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BalletCNJ Stuns in Annual Spring Performance

Review by: Alexandra Dalii

EWING, N.J.-Saturday, May 21, Ballet Central New Jersey took to the Villa Victoria Academy stage in Ewing, NJ to perform their annual Spring Performance. This three-part program featured dancers of all ages and combined classical and contemporary choreography in a way that highlighted the dancers’ strengths in technique as well as performance.  Opening the program was Night at the Ballet choreographed by BalletCNJ faculty Nanako Yamamoto. With a set reminiscent of the Stahlbaum household where the first act of The Nutcracker takes place, Night at the Ballet is centered around seven young dancers whose ballet storybook comes to life. These dancers adorably give the audience a glimpse into their storybook as they introduce snippets of classic ballets. As these young dancers introduced each ballet ranging from the three swans of Swan Lake to the pas de deux from Cinderella, their older counterparts displayed the maturity in technique and performance that BalletCNJ clearly instills in its dancers. Despite the clear excitement of the younger dancers, a few of whom waved at the audience and practically leaped onto the stage from the wings, the older dancers were composed and beautifully told the stories of the ballets that they represented. With each new ballet that was introduced, the dancers continued to shine whether in a solo, trio, or classical pas de deux.  Founding Director, Alexander Dutko’s, Tchaikovsky Piano Concerto No. 1 challenged in a way unseen in most pre-professional programs. With only 16 dancers, this piece followed the dynamics of the music and alternated between quick staccato movement and elegant legato movement. Situated under three sparkling chandeliers, the dancers and their costumes adhered to the differing statuses found in a professional ballet company ranging from the corps de ballet to the lead male and female. The lead woman, Krista Pinkerton, was the Marilyn Monroe of the stage, flirting with the audience as her white dress twirled and her headpiece dazzled. Each pirouette was accentuated by the costumes, giving the impression that despite the jazzy and often quick-tempo of the score, time slowed as the dancers turned. Most impressive was the length of the piece and the ability of the dancers to perform it in its entirety without dropping their energy levels. Filled with numerous moments where the audience expected the piece to come to a close, Tchaikovsky Piano Concerto No. 1 definitely challenged the stamina of the dancers. However, they rose to the challenge, not once wavering while on pointe or, in the men’s case, sacrificing the height they lifted the women.  To close the Spring Performance, BalletCNJ's older dancers, accompanied by guest artists from Rutgers' Mason Gross School of the Arts beautifully executed Act II of Giselle. Complete with intricate costumes and sets and an overture that served to transmit the audience from the happy-go-lucky mood of the preceding piece to the dark and ominous scene of Giselle Act II, Marius Petipa’s choreography was definitely a fit for the BalletCNJ dancers. The infamous Willis section highlighted the strength of the corps as they floated across and throughout the stage. While the Willis may have been (purposefully) dead in the eyes, their unison, bourrées, and port de bras were very much alive. An act that heavily relies on the strength of the corps, BalletCNJ’s Willis allowed Michelle DeAngelis to flourish as Giselle. As a whole, BalletCNJ's 2016 Annual Spring Performance served to show that central New Jersey has more to offer in terms of the arts than meets the eye. The versatility of the program perfectly reflected the versatility of the dancers as well as the capabilities of founding directors Alexander Dutko and Thiago Castro Silva to harness and further such talent.  For more information about BalletCNJ and its programs you may contact them at: BalletCNJ 4 Tennis Court Hamilton Twp., NJ 08619 609-249-4066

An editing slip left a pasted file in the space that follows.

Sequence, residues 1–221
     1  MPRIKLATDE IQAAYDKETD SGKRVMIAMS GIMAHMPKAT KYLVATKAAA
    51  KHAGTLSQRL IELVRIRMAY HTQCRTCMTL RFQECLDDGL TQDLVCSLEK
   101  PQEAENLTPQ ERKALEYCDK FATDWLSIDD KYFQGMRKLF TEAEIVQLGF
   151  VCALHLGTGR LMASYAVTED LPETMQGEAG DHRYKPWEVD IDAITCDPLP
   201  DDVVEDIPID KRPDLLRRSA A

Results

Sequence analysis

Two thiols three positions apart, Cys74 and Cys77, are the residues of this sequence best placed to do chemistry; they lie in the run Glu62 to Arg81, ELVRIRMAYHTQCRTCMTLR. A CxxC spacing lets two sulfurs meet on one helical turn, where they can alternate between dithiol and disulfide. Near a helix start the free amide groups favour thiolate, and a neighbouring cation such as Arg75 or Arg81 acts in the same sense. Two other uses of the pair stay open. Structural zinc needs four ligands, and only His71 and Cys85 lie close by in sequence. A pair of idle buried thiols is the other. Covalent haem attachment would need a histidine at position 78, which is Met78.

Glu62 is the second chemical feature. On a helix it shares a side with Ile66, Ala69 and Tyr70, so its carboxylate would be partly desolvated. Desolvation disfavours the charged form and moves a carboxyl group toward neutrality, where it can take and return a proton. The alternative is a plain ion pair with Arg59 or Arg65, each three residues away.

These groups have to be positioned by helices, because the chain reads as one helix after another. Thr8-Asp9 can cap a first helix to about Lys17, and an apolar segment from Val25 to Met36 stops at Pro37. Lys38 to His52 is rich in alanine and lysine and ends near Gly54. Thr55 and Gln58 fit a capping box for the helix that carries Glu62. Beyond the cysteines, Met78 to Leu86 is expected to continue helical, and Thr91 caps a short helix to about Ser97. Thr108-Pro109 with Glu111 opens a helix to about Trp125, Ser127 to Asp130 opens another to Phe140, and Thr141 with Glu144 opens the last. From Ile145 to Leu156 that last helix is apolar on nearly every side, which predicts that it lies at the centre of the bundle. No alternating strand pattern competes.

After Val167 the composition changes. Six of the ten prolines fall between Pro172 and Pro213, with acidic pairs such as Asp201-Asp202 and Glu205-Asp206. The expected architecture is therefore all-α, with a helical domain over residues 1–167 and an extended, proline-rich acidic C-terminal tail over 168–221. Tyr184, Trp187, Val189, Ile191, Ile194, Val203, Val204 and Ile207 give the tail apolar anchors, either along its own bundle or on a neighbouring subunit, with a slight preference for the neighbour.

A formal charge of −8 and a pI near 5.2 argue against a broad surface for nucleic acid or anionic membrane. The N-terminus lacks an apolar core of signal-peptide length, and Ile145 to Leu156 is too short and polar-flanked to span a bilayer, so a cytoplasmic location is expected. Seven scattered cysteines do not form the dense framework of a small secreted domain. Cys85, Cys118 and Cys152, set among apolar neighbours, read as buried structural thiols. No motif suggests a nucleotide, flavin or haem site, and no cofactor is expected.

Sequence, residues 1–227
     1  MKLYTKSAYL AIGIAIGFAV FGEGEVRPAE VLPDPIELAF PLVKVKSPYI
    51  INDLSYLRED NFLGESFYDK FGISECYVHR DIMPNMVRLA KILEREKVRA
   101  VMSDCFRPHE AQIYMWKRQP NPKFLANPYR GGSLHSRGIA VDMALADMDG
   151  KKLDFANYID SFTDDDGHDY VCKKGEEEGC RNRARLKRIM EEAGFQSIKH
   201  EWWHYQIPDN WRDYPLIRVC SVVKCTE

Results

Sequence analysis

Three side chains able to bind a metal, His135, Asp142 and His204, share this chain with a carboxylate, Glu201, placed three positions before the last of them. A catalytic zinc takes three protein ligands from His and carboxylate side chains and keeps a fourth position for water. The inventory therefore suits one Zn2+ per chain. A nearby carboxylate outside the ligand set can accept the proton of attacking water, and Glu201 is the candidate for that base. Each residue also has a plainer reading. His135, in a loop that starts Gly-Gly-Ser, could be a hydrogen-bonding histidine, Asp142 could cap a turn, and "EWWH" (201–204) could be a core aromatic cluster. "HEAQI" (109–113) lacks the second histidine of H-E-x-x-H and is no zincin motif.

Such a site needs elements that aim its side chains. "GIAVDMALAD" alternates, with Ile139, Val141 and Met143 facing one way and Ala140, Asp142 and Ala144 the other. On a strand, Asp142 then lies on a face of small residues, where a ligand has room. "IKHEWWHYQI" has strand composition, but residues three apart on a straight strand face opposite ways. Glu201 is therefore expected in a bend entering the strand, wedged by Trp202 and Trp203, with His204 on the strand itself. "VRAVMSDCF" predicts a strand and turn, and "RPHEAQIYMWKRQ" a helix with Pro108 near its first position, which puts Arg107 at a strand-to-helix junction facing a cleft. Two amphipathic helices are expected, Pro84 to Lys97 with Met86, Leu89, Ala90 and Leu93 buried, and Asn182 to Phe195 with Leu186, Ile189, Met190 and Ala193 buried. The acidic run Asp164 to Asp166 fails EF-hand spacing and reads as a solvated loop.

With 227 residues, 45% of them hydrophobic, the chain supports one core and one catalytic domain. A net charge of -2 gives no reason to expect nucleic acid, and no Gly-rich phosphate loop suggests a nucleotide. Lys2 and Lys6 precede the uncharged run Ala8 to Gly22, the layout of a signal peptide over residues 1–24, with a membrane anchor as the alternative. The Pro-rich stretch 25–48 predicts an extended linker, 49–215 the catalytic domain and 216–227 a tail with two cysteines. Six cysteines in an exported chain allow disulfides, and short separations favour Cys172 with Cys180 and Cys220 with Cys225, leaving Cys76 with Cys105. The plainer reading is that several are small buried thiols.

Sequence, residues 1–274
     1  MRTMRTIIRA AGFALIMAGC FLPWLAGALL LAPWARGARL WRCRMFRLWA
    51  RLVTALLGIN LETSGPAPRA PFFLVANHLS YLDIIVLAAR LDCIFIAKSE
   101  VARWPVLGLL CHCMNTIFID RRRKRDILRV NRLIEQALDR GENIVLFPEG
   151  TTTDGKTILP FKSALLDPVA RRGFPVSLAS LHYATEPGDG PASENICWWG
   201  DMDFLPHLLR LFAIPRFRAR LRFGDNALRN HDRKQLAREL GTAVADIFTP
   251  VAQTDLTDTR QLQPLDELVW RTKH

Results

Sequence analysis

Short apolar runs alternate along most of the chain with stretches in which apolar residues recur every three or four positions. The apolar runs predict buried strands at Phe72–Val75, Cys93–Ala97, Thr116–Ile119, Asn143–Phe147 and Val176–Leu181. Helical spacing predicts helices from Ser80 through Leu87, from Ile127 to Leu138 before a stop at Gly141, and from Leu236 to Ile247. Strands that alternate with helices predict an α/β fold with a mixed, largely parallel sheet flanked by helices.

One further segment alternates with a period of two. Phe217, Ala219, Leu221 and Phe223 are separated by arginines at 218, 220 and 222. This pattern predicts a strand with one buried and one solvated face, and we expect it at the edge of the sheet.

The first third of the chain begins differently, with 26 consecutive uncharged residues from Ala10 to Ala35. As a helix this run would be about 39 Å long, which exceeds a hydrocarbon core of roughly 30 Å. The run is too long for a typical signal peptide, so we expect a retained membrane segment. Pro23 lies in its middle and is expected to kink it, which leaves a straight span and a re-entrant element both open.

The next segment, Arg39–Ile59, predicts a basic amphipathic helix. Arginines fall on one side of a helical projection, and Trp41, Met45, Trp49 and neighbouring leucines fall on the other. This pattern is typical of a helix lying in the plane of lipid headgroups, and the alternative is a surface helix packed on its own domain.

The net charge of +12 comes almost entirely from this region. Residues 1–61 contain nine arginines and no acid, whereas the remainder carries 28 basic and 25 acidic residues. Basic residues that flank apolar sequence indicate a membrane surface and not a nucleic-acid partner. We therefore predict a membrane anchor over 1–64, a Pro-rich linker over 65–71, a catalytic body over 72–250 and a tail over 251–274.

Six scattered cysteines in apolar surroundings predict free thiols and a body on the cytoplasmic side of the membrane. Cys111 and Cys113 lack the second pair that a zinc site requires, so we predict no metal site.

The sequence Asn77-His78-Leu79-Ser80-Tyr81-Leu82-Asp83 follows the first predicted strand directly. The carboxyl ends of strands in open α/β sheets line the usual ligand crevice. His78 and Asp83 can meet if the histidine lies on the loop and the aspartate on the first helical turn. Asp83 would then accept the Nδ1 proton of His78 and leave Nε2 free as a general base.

- By Alexandra Dalii

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